My hands searched quickly for my seatbelt and I fastened it. Looking out through the porthole, I could see nothing but blue sky, with white clouds flying beneath. The pieces of white cloud seemed to be moving faster than usual, as if trying to escape from the hurtful blows the aircraft gave them. At such moments, the aircraft suddenly dropped, and my heart felt as if it was jumping out of my mouth. I glued myself firmly to my seat. At the same time, the aircraft’s engines sounded as though they were roaring like angry tigers.

I looked out again and down. Below was the sea, reflecting the blue sky and clouds. Then, the sea became entirely blue, and apart from a few very small islands, there was nothing else.

The aircraft was gradually descending lower and lower, coming closer and closer to the water, till it was like a ship meeting the waves, shuddering at the impact. As if tired, the engines were calming down, the aircraft moving more slowly.

An air hostess, standing at the head of the cabin, said into a loudspeaker, Ladies and gentlemen, we have now landed in Hongkong. Please remain in your seats until the aircraft comes to a total stop. We hope you all enjoyed the flight and we look forward to seeing you fly with us again.

She repeated this in Cantonese.

Once more I looked out of the porthole. Beside us there was nothing but water. How could this jet come to a stop on the water? Being very clever, I told myself this was a flying boat, not a modern aircraft. When I was very young, I sometimes used to see flying boats. I remembered the colossal waves they created as they touched down.

But to my surprise, when the plane stopped completely, I saw two buses approaching.

When it came to my turn to leave the plane, I stood at the head of the ramp and looked to the stern, toward the direction from which we had flown in. Only then did I realise that we had descended on a runway, immensely long and narrow, projecting out into the sea like a diving board into a swimming pool. This was why the jet had seemed to stop on the water.

At that moment a gust of cold wind blew at me and my whole stomachful of champagne evaporated. Thinking back a few hours, to Singapore and that kind of heat, and to the feeling of being suddenly transformed into a high and grand person upon entering the plane, I asked myself if this was real.

In the air terminal building, I saw that all the immigration officers were Chinese and I could hear that they were talking in Cantonese. But the sound was not the same as the Cantonese spoken in Singapore and Malaysia. The sound conveyed to me a warning: This is Hongkong.

I handed my passport to the white-faced gentleman before me. His face seemed very weak, like a creature with no emotion, completely cold. He addressed me as Mr Tang.

I replied, Excuse me, but I’m Tan, not Tang. In Cantonese I’m Chan.

Oh! he said in Hongkong Cantonese. So you’re Chan!

Continuing to speak to me in Hongkong Cantonese, he inquired, Mr Chan, are you coming here on business?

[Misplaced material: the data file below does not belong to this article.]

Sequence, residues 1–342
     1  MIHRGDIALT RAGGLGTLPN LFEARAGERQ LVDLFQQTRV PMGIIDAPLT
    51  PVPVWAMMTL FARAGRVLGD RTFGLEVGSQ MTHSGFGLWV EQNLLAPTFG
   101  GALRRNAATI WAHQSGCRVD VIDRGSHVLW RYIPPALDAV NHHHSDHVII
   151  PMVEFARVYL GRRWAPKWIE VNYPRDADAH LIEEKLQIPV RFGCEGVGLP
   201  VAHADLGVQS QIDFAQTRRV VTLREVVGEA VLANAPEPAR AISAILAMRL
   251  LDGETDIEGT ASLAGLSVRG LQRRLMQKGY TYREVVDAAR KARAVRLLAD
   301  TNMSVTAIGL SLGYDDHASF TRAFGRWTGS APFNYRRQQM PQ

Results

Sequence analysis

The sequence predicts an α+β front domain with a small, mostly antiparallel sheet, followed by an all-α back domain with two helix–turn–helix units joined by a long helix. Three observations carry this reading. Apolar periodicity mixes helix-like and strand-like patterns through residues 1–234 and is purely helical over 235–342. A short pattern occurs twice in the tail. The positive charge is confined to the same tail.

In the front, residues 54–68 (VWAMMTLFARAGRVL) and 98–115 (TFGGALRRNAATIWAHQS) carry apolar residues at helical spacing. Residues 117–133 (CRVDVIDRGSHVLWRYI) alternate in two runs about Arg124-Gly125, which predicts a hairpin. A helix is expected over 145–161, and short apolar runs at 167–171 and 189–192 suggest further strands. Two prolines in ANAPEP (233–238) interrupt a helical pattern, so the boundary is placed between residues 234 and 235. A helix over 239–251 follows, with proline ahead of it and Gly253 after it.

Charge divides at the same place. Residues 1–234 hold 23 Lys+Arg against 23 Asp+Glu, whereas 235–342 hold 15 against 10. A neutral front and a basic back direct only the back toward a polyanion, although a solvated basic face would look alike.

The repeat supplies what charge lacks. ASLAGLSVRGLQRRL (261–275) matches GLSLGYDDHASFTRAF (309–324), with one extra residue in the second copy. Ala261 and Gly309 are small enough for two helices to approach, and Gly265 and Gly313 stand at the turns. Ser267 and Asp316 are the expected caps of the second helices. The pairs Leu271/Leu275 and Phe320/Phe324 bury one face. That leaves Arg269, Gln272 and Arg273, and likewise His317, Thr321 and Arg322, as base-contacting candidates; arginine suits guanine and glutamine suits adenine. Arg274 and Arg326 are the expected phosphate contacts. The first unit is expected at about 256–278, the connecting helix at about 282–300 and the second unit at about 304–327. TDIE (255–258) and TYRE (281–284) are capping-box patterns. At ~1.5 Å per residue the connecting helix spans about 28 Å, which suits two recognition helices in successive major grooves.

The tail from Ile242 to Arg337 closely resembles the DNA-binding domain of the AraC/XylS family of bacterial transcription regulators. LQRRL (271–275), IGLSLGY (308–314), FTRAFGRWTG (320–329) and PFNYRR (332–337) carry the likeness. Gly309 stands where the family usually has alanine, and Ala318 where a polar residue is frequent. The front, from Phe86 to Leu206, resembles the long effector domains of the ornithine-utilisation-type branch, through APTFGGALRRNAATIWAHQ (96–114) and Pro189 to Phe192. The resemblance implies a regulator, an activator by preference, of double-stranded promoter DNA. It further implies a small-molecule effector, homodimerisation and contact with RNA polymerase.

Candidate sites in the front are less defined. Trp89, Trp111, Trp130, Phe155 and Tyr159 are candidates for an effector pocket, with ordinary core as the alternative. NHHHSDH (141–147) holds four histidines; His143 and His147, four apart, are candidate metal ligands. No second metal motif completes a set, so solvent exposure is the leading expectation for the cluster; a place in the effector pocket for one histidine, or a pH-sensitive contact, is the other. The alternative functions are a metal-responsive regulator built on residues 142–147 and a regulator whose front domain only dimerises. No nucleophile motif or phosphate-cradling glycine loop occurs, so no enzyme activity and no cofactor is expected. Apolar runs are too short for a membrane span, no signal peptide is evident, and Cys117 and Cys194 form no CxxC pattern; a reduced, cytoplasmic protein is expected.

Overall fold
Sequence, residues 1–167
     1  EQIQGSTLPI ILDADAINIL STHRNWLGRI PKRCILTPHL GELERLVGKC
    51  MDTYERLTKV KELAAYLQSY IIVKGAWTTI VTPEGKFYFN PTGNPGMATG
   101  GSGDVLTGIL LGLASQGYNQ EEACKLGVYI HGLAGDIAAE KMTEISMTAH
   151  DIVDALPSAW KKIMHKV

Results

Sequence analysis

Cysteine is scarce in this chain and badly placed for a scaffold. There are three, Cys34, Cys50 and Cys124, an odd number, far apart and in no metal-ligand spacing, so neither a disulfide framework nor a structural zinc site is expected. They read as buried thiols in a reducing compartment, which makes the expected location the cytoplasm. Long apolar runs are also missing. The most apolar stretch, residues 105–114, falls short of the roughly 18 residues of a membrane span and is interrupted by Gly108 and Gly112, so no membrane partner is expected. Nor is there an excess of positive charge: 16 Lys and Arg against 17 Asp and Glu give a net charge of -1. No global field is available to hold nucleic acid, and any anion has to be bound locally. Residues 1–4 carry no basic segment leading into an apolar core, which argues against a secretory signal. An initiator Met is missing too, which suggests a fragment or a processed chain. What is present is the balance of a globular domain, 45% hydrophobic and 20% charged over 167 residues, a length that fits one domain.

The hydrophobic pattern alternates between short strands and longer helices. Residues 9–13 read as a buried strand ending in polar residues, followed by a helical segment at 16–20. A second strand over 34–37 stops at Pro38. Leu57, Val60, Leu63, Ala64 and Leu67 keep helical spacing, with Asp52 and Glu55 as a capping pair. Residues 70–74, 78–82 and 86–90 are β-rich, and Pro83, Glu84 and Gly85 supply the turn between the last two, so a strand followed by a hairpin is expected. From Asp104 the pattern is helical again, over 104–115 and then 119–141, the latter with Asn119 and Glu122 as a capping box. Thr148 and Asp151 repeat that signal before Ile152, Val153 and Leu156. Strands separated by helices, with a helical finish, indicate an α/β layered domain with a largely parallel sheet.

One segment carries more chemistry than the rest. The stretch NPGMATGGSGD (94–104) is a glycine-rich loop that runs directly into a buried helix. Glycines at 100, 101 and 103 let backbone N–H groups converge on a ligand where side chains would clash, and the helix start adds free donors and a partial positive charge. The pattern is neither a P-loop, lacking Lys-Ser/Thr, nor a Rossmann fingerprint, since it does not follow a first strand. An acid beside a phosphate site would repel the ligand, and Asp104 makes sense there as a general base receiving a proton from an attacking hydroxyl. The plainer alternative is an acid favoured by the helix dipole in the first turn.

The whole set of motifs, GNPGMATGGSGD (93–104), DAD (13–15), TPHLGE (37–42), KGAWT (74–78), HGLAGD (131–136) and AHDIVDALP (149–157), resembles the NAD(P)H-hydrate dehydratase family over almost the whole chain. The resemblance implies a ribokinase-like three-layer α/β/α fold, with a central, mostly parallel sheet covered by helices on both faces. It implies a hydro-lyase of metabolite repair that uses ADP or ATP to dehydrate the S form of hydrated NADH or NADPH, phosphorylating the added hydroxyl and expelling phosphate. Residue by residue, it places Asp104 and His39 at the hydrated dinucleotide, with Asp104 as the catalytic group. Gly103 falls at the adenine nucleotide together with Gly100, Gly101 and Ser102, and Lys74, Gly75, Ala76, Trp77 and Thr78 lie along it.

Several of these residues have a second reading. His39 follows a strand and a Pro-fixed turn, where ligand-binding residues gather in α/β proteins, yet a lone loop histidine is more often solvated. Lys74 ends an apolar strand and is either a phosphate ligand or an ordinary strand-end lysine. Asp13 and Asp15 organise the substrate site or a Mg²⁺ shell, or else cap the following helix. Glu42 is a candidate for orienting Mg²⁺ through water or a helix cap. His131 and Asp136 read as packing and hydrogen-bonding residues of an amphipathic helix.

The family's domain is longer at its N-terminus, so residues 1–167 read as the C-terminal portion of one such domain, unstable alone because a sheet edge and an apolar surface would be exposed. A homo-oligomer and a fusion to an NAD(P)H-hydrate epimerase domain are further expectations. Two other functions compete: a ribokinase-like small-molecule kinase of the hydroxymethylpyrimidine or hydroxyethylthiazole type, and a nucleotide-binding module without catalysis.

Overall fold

Using my Singapore Cantonese, I told him, "I’ve come here to sik fung¹."

He turned to his colleague at the next desk and burst out laughing. "He’s come to sik fung!" he exclaimed, pointing at me contemptuously.

I wondered what he thought was so funny about it. I quickly switched to English, feeling strange at having to use English to explain something to another Chinese.

"Sik fung means to have a holiday," I told him. He just nodded his head, stamped the passport and handed it back to me.

After passing through the routine customs check, I walked out to the exit. There I found myself confronted by a crowd of hundreds, strange faces, every one of them tense. They had evidently come to meet their friends or relatives. As each passenger stepped out, everyone in the crowd spontaneously stretched their necks out, like modern style battery hens stretching their necks out through the cage, waiting for their master to feed them. After taking one look at each passenger, all the necks contracted.

I stood there arrested for an instant, staring at this peculiar sight. It made me completely forget that my host, Mr Kao Tze, would be meeting me.

Then I quickly walked out through the crowd, keeping my two small eyes wide open, searching around everywhere.

I could not even see the shadow of my host. I asked myself why. In his letter, he had said he would meet me at the airport. Perhaps he had forgotten.

As I was staring about, hopeless and becoming desperate, I heard a familiar voice crying out my name. It was not my host’s voice.

I quickly turned my head, following the direction of the voice. In the distance, I saw a tall, slim, young Chinese man waving at me. He looked very familiar. I tried to think where I had seen him before, then remembered.

It was Andy, from Malaysia. I had met him seven years ago in Kuala Lumpur. I yelled out his name.

He quickly came up and shook hands, explaining that he had been sent to meet me by my host.

How was your journey? he asked.

Andy had formerly been Kao Tze’s private secretary in Kuala Lumpur. At present, he was staying temporarily with him, preparing to go to the United States. I was so happy to see him that I shook hands without answering his question. Instead, I told him, "Andy,